This morning at breakfast I read an incredibly dispiriting article about the discrimination women employees faced once they announced they were pregnant. One of the cases it highlighted was that of Ramona Jones, who worked in the human resources department of a county council, working her way upwards until she was a step away from a management position. Then she announced she was going to have her first baby. The promise of a move to a higher role disappeared and on her return from maternity leave she was shoved back into a boring role that she had held two years previously. By no means alone in this situation, she cited examples of women in senior positions who had been forced into a similar pattern or who, on arranging to work part-time, were expected to do their entire job in three days instead of five (can you imagine doing this with a new baby anyway?) and naturally floundered and were forced into redundancy.
It occurred to me as I read this article that the women were fine at their work – they did well and were rewarded for it – until the very point that their femininity became obvious. For what marks out a woman as a woman more clearly than her capacity to give birth? Women can be treated equally (though they are rarely paid equally, but that is another blog entry) as long as they act like men. As soon as their difference becomes obvious, they are penalised for it.
The thing that saddened me most was the colossal waste of talent that this practice encourages. The article ended with a comment from Ruth Holloway who was told to resign when she became pregnant and who, in trying to contest this, was forced to take a cheque and shut up rather than carry the case to a tribunal because she was so exhausted from fighting the company (and as a deaf woman who has to constantly stand up for my rights, I can totally empathise with this). Holloway said: ‘It’s great fun being at the school gates, and looking after my children full-time, but it’s not quite the same as the buzz that you get from running a massive team and being in charge of a £4bn budget. It’s not quite the same as leading a massive team project. If you’re the kind of person who can do that, then you enjoy it, and so I do miss it. I always will.’ The loss isn’t just Holloway’s, though, it’s also her company’s. Just from this comment you can see that the company has lost a bright, energetic and competent employee.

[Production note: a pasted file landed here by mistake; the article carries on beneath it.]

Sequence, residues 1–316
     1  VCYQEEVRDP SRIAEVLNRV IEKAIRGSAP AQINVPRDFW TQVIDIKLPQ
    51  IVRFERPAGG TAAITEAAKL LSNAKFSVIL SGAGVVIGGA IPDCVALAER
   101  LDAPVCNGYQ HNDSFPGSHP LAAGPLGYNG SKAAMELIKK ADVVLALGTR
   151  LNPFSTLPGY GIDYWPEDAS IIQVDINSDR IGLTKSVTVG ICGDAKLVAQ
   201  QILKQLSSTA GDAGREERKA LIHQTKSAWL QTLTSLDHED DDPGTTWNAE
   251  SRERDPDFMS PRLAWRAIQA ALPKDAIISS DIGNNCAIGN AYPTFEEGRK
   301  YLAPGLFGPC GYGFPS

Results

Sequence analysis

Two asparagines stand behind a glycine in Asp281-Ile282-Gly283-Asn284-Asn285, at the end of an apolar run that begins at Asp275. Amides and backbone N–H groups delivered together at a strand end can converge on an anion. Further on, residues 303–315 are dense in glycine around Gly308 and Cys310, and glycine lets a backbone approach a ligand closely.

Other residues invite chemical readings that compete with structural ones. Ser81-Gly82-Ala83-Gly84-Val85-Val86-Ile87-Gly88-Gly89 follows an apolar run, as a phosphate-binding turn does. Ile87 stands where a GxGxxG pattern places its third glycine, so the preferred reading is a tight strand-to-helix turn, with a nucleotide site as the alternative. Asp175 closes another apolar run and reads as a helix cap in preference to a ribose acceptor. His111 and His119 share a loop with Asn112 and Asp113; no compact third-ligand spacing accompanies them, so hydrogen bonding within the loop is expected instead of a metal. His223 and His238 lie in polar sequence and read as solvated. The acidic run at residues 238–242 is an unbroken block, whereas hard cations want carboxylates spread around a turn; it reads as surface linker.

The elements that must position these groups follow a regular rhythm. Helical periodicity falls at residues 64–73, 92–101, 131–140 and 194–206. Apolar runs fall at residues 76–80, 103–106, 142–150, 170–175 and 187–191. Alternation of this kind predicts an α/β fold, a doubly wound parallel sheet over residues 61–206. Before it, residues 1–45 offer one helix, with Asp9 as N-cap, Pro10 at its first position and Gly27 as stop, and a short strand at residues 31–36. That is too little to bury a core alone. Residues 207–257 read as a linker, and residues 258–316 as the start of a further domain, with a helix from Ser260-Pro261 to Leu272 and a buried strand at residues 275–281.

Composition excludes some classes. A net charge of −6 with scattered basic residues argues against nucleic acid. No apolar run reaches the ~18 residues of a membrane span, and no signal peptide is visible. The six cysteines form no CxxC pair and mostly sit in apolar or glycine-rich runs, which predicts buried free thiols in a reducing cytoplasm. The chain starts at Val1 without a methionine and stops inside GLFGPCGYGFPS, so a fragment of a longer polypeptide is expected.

I recall a conversation I had with my father a while ago – one which didn’t, unusually, descend into a biting argument – in which he said that feminism had been around for thirty years and that good things had happened, but there were very few women in roles of power. He was of the opinion that women just weren’t cut out to lead. Actually I think the only reason why there wasn’t an argument was because I was still young at this point and hadn’t mustered enough ammunition to reply, so I let it drop. Now, however, I can see that at least one reason why there are so few female leaders: sexism is still rife and if it’s a choice between doing battle with a bunch of testosterone laden triceratops and looking after your baby, you’re obviously going to chose the latter, especially if it’s your first baby because you don’t really know what you’re doing and don’t want to fuck it up. This isn’t only detrimental to women, but to men as well: what if a man doesn’t want to spend hours at the office but wants to look after the baby too?
At the heart of it all is a glaring hypocrisy – the people who get to the top of a profession are often those who have been nurtured well. How can they then show such disregard for the job of parenting by keeping men at work away from their children, and by forcing intelligent women back into the home, where they may become bitter and bored (and looking after babies is incredibly boring, though few dare to admit it) and transmit that frustration to their children? And this is only one small aspect of the fallout from the poor treatment of female employees – I could go on for hours but I have a thesis to write.
The only hope I have is that gleaned from a newspaper I read a while ago, which said that companies will be forced to change to accommodate women because, as the population ages and the employment pool shrinks, companies won't be able to afford to lose their female employees. And it won’t, as my father thought, take thirty years. If, after three or four decades, sexism like this still exists, it will take generations to be rid of it.